Health plans

Kansas Farm Bureau Health Plans Address Critical Farmer Need

For farming families nationwide, health insurance coverage and health care costs have long been one of their biggest annual expenses – and one of the biggest threats to staying in. business, as farm incomes drop and insurance costs skyrocket. Diving deeper, a survey of farmer members of the Kansas Farm Bureau showed that 8% of them bought their own insurance, with annual premiums ranging from $ 30,000 to $ 40,000 for extremely high franchise plans. with very low coverage. Another 8% of members were uninsured because they could not afford coverage.

To help alleviate the difficulties farmers and ranchers have with insurance coverage, the Kansas Farm Bureau began to investigate how they could provide higher levels of health care coverage at a lower cost, explained Terry Holdren, CEO. / General Counsel of KFB. The organization also wanted to make sure it met members’ basic needs for regular doctor visits and other types of routine care.

Ensuring that members could access affordable care beyond state borders was also important. To help control their costs, many insurers are limiting their networks to local providers, resulting in astronomical costs for farmers who have been referred to specialists in neighboring states.

“Agriculture and ranching don’t stop at the state border, nor do farmers and ranchers’ business models,” Holdren said.

The first step was a state legislative effort launched in 2019 to gain the power to offer health care members benefits that are defined as “no insurance” and to allow for consideration of health issues. health through an underwriting process.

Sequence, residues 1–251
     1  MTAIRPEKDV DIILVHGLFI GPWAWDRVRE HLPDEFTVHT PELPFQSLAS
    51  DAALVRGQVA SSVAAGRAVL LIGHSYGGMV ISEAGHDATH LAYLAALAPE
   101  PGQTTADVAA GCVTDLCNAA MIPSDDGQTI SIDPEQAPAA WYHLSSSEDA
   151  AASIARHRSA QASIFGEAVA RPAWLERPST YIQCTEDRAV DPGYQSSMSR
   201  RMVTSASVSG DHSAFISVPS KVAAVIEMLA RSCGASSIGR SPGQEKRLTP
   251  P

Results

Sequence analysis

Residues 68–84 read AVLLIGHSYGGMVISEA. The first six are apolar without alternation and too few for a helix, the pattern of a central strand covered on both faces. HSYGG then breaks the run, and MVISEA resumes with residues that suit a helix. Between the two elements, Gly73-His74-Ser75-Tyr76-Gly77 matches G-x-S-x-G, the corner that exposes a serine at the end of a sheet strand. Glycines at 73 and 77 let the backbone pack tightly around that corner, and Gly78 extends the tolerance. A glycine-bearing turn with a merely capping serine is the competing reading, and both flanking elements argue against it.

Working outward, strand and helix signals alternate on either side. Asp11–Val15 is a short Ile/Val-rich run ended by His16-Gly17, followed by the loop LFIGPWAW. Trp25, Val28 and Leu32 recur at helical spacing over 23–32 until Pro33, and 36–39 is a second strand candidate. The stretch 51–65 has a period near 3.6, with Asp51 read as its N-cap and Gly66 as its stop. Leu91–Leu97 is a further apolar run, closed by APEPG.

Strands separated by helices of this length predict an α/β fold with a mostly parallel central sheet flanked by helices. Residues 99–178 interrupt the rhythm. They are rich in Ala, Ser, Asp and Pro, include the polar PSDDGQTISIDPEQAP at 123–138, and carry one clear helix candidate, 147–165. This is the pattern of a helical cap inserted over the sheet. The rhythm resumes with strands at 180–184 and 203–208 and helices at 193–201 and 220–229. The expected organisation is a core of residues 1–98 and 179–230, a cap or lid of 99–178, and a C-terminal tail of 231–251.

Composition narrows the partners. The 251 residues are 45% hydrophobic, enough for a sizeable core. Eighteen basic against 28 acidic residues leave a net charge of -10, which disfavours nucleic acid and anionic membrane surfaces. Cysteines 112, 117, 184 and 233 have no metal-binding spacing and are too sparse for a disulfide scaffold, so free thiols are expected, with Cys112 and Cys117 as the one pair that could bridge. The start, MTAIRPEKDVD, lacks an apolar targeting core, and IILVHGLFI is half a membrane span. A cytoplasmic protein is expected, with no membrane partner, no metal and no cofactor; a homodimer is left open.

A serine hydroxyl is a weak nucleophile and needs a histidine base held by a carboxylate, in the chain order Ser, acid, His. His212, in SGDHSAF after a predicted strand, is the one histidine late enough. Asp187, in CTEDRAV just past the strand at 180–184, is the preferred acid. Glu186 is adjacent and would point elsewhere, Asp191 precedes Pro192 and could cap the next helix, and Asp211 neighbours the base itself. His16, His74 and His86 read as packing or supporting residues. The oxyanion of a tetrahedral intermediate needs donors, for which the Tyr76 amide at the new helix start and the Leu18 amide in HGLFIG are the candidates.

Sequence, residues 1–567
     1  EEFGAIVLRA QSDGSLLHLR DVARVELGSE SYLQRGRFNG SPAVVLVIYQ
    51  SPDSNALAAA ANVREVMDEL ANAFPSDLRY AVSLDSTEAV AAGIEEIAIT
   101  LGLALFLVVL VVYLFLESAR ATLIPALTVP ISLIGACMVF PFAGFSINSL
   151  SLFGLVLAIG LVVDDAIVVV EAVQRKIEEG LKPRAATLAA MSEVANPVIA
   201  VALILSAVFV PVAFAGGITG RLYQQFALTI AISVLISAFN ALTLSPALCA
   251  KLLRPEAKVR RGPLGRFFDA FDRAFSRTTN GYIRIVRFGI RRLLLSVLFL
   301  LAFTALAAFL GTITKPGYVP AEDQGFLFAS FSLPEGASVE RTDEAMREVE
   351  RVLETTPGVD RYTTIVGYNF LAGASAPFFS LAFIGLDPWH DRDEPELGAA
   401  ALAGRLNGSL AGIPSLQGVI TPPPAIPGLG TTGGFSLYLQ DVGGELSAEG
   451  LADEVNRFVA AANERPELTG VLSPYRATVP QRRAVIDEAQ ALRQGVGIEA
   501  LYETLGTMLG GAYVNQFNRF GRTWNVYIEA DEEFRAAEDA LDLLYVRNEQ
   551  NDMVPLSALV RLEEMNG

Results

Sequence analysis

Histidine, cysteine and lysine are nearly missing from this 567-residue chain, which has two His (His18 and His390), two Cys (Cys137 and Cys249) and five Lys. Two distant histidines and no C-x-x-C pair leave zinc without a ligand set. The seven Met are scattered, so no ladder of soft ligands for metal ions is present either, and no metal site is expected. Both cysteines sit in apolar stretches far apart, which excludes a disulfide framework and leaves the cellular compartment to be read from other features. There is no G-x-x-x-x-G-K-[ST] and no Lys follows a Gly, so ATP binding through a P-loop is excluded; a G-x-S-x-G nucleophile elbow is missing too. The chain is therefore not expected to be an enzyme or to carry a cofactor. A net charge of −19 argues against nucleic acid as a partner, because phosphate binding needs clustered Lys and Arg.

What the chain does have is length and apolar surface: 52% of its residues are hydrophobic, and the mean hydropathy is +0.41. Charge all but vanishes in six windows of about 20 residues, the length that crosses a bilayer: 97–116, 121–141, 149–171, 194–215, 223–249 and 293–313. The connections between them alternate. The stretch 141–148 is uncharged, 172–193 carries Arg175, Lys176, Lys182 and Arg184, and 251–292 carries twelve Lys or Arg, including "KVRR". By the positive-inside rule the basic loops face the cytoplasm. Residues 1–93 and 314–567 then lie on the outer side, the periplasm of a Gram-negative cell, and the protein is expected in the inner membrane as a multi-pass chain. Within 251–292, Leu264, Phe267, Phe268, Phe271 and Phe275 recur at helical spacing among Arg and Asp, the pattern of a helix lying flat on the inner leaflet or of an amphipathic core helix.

A third-party study indicated that premiums for a non-Affordable Care Act plan, which KFB sought to offer, thus requiring legislative approval, would be about 30% lower than an ACA level premium. These substantial savings were a key point in gaining support.

Members of the Kansas Farm Bureau have also played a pivotal role in the advocacy effort, several of them sharing testimonies with policymakers about not being able to afford blanket or having a spouse working out. of the farm just for insurance benefits.

When their bill was enacted in April 2019, the Kansas Farm Bureau began developing plans together with its partners at FB Health Plans in Tennessee. There are four options for coverage through the Kansas Farm Bureau Health Plans: one for individuals and families under age 65; a short-term plan for people who are in between jobs or need coverage for 60 to 90 days for other reasons; a dental / vision package that policyholders can use to supplement any type of coverage; and a health insurance supplement plan.

After a year and a half of activity, KFBHP protects more than 10,000 Kansans. With an average monthly premium of $ 383, the plans save most families between $ 1,000 and $ 1,500 per month. And the plans attracted 1,800 additional members in the first year.

For Kansas Farm Bureau member Erica Schlender, joining the plan allowed her to stop teaching and helping her parents full time on the family farm in Harvey County. Before having access to KFBHP, it would replace the teachers in order to be able to maintain at least partial medical coverage.

“It gives me the chance to do what I want to do with a living,” she said. “I am not tied to a job because of Medicare. “

And the coverage is even better.

“Even when I was teaching, the coverage wasn’t as good,” Schlender said. “With that, I have dental care and vision and they cover my contacts.”

Kansas Farm Bureau Health Plans won the Kansas Farm Bureau a 2021 New Horizon Award from the American Farm Bureau Federation. The award, which recognizes state agricultural offices with the most innovative new programs, is presented each year at the AFBF’s annual convention.

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